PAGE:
Rejuvenation of century-old properties
While motorsports, golf, and baseball are known to draw an older demographic, all sports leagues are trying to renew their audiences to maintain viewership and commercial value.
Some of the bevy of initiatives they have introduced include updated, more open communication, improved digital platforms, streaming services, dedicated ad campaigns, sustainability initiatives popular with the younger cohort, and esports divisions.
None seems to have succeeded in turning the tide better than Formula 1’s Drive to Survive documentary series. Its content, focused on the personalities behind the helmets, resulted in a dramatic turnaround for the prestigious motor racing competition.
In addition to attracting younger viewers, Drive to Survive also helped increase F1’s overall viewing audience. According to Formula One Group’s then-CEO, Chase Carey, the series was a “game-changer” for the sport, with the 2019 season seeing a 10% increase in global viewership compared to the previous year.
In the wake of Formula 1’s success, many sports leagues and teams are planning to release similar series or content.
There is a trend among eventgoers to pay extra for a premium experience. In recent years, many events have started offering premium or VIP experiences that provide added benefits and exclusive access to certain areas or amenities.
According to a pre-pandemic report by Eventbrite, the number of VIP and premium ticket sales for events years increased significantly in recent years. The report found that 79% of event organizers offer VIP or premium ticket options for their events, up from 69% in 2017. Furthermore, premium ticket sales increased by 15% in 2019, while general admission ticket sales decreased by 3%. In addition, the report found that attendees are willing to pay more for premium experiences. The average price of a VIP or premium ticket is 2.4 times higher than the average price of a general admission ticket.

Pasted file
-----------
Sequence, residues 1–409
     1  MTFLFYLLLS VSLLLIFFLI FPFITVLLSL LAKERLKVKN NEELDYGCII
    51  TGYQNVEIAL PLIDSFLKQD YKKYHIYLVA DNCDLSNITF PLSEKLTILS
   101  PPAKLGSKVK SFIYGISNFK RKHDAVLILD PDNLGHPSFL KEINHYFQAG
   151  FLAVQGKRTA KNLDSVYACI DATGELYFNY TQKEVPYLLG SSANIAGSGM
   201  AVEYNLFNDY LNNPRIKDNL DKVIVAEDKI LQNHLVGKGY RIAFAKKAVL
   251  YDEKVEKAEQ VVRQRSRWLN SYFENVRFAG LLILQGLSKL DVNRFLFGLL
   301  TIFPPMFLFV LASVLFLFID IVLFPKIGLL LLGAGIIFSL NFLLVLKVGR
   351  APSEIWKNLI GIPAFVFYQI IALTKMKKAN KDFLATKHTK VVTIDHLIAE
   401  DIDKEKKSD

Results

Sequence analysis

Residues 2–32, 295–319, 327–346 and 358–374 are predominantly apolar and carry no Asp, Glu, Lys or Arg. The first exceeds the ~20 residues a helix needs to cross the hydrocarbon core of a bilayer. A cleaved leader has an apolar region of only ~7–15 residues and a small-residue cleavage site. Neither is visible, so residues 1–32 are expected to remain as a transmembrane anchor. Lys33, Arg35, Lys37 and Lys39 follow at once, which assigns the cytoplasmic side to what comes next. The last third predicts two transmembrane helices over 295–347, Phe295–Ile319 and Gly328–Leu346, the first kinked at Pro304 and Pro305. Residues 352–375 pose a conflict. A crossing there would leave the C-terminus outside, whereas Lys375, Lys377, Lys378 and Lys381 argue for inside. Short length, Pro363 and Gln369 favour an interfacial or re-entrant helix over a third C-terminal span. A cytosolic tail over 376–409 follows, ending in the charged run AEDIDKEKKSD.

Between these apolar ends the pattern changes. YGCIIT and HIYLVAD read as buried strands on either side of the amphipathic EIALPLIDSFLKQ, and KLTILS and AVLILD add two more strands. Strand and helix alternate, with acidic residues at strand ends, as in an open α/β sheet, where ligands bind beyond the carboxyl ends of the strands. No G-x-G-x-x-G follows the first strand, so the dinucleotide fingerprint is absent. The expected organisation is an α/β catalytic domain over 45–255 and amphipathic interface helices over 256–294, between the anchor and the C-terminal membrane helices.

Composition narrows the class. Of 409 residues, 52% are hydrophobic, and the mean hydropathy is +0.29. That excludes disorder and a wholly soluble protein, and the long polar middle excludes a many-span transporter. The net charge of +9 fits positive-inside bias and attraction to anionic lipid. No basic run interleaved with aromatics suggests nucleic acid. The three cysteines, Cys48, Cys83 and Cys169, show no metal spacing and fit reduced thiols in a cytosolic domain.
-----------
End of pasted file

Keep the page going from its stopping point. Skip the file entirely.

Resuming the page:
Other studies have also identified similar trends. Overall, the data suggests that there is a growing trend toward seeking high-end, exclusive experiences, and there is a willingness to pay for access to them.
These elite experiences and ticket pre-sales are now both being offered to credit card holders or clients of a service. Consolidation in the sector (Live Nation, AEG, Endeavour) has accelerated the trend. Today, ordinary ticket buyers who have a harder time coming by a regular ticket due to the limited number in circulation may be willing to sign up for a service or purchase a premium ticket to get better value for their money.
Growth opportunities in various categories and new technologies have long influenced sponsorship investments. While some new categories are on the way up, others may be reaching maturity and seeing lower marketing investments. Here is a brief overview of some of the ones to keep an eye on.
Online gambling and gaming
In May 2018, the U.S. Supreme Court struck down a federal law that had effectively banned sports betting in most states since 1992. Following the ruling, individual states were able to legalize sports betting if they chose to do so. As a result, the sector expanded rapidly, with many states legalizing and regulating the industry. As of February 2023, 32 U.S. states have legalized sports betting in some form or another.